Filming American Airgunner 2017

by Tom Gaylord
Writing as B.B. Pelletier

This report covers:

  • Ft. Smith
  • Outdoors
  • Hey — chill out!
  • Ranch
  • The Hammer
  • The Gauntlet
  • FWB 124
  • Reality check

Ft. Smith

For the past several years I’ve gone to Ft. Smith, Arkansas every year to film the Round Table segments of “American Airgunner.” We also film several This Old Airgun segments with just me and the host, Rossi Morreale. In the past this has been done in a studio and I have been able to work on the blog when I wasn’t actually in the scene being filmed. This year was different.

Outdoors

We went to a large ranch nearby and filmed for two straight days. Because we were outside we could shoot at will, so there is a lot more shooting in these segments than we have done in the past. And the shooting allowed me to watch others shoot, which influenced the way I think about accuracy.

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Beeman R8: Part 3

by Tom Gaylord
Writing as B.B. Pelletier

Rail Lock Compressor R8

The Beeman R8 looks like a baby R1.

Part 1
Part 2

A history of airguns

This report covers:

  • RWS Hobby
  • Adjusted the sights
  • JSB Exact RS
  • RWS Superdome
  • The big surprise!
  • Summary

Today we look at the accuracy of the Beeman R8 that I acquired at the Findlay airgun show earlier this month. I’m shooting off a rest at 10 meters, using the open sights. I rested the rifle directly on the sandbag, because it is shooting so smooth.

RWS Hobby

I tried RWS Hobby pellets first. I felt they might do well, given the rifle’s power, though the velocity test revealed they are substandard in this rifle. I should have remembered that, because they didn’t group that well. Ten pellets went into 0.551-inches at 10 meters. I know that’s better than a lot of rifles I’ve tested recently, but I expect more from the R8.

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Beeman R8: Part 2

by Tom Gaylord
Writing as B.B. Pelletier

Rail Lock Compressor R8

The Beeman R8 looks like a baby R1.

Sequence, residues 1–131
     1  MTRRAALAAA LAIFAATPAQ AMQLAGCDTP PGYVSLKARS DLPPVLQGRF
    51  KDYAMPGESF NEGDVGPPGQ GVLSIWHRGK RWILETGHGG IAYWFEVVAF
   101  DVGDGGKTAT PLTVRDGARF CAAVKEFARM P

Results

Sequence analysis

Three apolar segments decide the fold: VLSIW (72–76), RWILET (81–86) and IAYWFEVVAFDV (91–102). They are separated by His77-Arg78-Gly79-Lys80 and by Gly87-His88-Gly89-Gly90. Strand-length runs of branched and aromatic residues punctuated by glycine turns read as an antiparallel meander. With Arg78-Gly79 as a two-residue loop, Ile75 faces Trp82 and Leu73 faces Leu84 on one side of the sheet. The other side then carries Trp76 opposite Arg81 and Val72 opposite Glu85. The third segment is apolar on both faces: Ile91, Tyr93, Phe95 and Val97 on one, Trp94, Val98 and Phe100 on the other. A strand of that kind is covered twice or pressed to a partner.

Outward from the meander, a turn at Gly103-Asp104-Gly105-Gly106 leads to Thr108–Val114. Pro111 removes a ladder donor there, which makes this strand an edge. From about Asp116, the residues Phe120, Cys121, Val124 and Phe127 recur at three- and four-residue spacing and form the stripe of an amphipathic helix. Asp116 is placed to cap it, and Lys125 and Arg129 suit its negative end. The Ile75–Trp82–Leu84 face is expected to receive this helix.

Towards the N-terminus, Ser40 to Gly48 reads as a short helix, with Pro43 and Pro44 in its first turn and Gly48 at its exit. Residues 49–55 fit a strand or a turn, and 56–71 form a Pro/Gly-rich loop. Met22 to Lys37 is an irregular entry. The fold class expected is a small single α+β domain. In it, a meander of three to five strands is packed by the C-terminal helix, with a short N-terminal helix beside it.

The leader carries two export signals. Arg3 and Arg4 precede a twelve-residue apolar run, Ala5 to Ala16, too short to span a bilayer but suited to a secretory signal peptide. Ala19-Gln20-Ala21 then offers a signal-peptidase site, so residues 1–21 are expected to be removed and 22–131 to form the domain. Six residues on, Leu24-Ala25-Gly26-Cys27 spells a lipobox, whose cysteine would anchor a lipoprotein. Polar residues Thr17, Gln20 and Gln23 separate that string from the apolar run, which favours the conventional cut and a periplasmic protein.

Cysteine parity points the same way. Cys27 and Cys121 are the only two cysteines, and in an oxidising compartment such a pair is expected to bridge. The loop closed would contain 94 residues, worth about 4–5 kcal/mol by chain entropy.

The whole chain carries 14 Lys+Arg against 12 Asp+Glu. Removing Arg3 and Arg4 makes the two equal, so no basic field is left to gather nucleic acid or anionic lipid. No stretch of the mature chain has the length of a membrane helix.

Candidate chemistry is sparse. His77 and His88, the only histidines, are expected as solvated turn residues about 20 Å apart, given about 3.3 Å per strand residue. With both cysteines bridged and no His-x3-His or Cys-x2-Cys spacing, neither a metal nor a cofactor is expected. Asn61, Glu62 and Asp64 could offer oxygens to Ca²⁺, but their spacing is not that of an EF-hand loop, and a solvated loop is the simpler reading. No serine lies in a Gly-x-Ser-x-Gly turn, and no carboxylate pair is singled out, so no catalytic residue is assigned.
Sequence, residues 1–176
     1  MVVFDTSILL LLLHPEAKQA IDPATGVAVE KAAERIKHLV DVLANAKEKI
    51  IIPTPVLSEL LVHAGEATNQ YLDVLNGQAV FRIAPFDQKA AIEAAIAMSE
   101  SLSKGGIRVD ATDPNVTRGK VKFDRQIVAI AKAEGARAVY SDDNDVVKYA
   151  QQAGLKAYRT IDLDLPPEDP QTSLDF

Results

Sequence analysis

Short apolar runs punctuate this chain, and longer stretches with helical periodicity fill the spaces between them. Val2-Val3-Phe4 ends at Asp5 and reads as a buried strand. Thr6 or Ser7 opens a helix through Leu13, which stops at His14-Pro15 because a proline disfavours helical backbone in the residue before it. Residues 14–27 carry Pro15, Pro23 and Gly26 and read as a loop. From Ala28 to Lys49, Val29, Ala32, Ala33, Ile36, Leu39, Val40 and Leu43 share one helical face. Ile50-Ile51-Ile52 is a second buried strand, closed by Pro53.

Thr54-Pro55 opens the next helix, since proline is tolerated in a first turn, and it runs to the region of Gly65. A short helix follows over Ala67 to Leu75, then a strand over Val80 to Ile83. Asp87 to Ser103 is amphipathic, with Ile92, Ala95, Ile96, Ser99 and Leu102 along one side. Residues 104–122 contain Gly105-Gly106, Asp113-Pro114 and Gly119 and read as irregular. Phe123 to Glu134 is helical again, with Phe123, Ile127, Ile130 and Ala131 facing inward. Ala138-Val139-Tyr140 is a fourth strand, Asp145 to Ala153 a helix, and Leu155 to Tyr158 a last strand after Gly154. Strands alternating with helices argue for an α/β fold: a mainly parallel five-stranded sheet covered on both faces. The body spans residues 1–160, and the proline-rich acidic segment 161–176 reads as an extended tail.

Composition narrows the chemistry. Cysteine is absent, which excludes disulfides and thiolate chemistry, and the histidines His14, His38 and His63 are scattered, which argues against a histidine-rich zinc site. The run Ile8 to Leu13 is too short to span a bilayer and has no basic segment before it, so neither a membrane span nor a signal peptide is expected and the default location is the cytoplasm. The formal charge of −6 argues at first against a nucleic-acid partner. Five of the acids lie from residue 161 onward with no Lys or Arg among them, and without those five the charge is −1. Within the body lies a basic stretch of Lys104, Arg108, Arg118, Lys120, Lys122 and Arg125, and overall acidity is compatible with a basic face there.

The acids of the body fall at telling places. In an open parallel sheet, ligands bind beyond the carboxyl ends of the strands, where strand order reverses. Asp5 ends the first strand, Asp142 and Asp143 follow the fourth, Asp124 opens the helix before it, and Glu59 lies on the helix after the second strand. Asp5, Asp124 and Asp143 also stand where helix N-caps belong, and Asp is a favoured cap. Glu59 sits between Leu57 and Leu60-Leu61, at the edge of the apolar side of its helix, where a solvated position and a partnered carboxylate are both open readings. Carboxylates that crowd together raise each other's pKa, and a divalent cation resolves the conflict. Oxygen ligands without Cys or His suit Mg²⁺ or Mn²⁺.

Part 1

A history of airguns

This report covers:

  • RWS Hobby
  • Shot cycle
  • RWS Superdome
  • Trigger pull
  • JSB Exact RS
  • How does this rifle compare?
  • Cocking effort
  • Next

Well, to say there is a lot of interest in the Beeman R8 would be an understatement! Just as I got a huge interest at the Findlay airgun show where I bought it, this blog has also revealed many shooters who are interested in both the R8 and in the current HW50S that I will now have to test for you. [Update on that. my friend, Mac, did test an HW50S back in 2010.]

I was very excited to test this rifle because it’s one of the smoothest breakbarrels I have every shot. That list includes my Tyrolean R8 and the RWS Diana 45 I tuned for Johnny Hill. Let’s get right to the test.

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How does BB select pellets for a test?

by Tom Gaylord
Writing as B.B. Pelletier

This report covers:

  • Don’t I wish?
  • What’s the criteria?
  • Brands first
  • Choosing a pellet
  • Target guns
  • Action airguns
  • Hunting airguns
  • General purpose airguns
  • Trick pellets
  • How should you do it?

This blog was requested by reader Cobalt 327. And the answer is simple. BB gets paid by the pellet manufacturers to promote their products — the same as for the airgun manufacturers. The more they pay me, the more I talk about their pellets. I get a very healthy stipend from Crosman for writing about their Premiers, and from H&N for touting their Baracuda Match pellets. JSB actually sends me on all-expense paid vacations to the Bahamas several times each year, in addition to a very large check each month! Pocketa-pocketa-pocketa…

Don’t I wish?

I know that’s what some people think. There are no kickbacks that I am aware of in the airgun industry. If there are, whoever is paying them is fooling themselves, because we writers do this because we love it. I do get paid to write this blog, but no one tells me what to write and I have never been told to give a product anything but an honest report.